Why not enforce all misdemeanors same as immigration law?

The trend is clear: It can happen anywhere and it did last week in Morgantown.
With the exception of giving local law enforcement a heads up, U.S. Immigration and Customs Enforcement snuck into the Morgantown area and conducted raids.
Some will immediately charge the undocumented workers ICE detains or deports came into the country illegally and it’s taking them out legally.
That may be, but their crime is a misdemeanor that by and large consists of dirt poor people taking jobs that no one wants to do.
Earlier this month, in the largest immigration raids in a decade ICE agents arrested nearly 700 people in workplaces across Mississippi.
Their employers are yet to be charged despite documents alleging six of the seven worksites were “willfully and unlawfully” employing undocumented immigrants and two appeared to be participating in fraud.
According to an analysis by a research center at Syracuse University, just 11 employers were prosecuted for hiring undocumented immigrants between April 2018 and March 2019. Three were sentenced to serve any prison time.
Meanwhile, more than 120,000 people were prosecuted for illegal entry or re-entry into the United States during that time period.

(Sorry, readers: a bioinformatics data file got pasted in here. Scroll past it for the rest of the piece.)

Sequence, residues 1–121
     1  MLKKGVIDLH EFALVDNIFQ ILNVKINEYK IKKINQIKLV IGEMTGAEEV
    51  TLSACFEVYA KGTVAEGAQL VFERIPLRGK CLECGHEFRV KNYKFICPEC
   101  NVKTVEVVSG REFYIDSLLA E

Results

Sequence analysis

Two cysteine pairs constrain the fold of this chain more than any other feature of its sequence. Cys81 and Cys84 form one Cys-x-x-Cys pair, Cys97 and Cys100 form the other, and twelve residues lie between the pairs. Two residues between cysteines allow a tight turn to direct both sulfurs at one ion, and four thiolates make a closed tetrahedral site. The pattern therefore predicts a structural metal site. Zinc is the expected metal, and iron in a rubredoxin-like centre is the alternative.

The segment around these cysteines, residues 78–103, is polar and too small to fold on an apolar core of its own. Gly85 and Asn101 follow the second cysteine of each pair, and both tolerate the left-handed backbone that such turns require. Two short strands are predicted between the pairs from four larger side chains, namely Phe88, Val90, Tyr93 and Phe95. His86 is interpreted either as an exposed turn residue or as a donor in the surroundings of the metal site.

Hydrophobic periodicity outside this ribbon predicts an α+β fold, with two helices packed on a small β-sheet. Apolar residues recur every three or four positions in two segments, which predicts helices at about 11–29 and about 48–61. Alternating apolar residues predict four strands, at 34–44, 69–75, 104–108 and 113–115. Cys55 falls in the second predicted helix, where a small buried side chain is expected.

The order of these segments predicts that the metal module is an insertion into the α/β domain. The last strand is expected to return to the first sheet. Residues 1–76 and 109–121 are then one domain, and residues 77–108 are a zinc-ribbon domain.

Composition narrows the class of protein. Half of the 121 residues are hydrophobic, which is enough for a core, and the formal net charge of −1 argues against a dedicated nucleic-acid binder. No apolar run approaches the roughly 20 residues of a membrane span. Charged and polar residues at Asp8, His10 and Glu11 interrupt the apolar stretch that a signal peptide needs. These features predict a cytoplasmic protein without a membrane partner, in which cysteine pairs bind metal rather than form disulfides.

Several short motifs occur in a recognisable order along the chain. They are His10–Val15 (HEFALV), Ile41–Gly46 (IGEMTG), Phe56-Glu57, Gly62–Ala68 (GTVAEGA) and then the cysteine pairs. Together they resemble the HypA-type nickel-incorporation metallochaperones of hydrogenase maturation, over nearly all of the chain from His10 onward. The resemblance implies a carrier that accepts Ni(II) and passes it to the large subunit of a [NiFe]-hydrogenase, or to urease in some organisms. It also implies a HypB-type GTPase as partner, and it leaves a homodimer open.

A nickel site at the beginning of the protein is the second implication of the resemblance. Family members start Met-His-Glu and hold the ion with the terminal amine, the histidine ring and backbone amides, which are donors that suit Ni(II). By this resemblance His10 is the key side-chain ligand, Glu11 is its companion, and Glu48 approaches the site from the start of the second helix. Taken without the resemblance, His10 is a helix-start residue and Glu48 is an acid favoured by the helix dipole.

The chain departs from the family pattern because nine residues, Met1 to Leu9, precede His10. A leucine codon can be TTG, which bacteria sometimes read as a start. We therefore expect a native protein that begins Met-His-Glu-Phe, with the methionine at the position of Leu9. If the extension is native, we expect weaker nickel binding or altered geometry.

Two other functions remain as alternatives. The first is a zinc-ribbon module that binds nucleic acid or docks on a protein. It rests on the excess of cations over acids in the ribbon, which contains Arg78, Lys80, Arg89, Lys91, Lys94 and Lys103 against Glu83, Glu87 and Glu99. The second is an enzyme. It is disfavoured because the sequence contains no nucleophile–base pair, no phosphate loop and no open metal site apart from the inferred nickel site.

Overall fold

We agree with the need to control unlawful immigration and border crime and have no issues with deporting criminals who committed crimes in their countries of origin or here in the U.S.
But if we are to fix our broken immigration system the place to start is by charging employers, not workers
Though undocumented immigrants often face deportation in the aftermath of raids like those in Sabraton last week, the consequences faced by the employers who hire them are usually minimal.
Many employers who hire undocumented immigrants see negligible fines as a calculated cost. And one too many are willing to pay them without changing their ways.
Federal law makes it a crime to “knowingly” hire workers in the U.S. illegally. That “knowingly” term has proven to be a key defense for employers who can claim, “Oops, my bad. I didn’t know they were undocumented.”
If we’re going to enforce this misdemeanor to the letter of the law against people who entered our country illegally, we need to apply such targeted enforcement to other misdemeanors.
Heaping another indignity onto the plate of poor immigrants right before the school year begins and possibly removing their main breadwinner is especially wrong.
Almost anything can happen anywhere, including compassion for people who are the farthest thing from criminals. Indeed, even empathy for people simply trying to better their lives if not altogether save them and their families.

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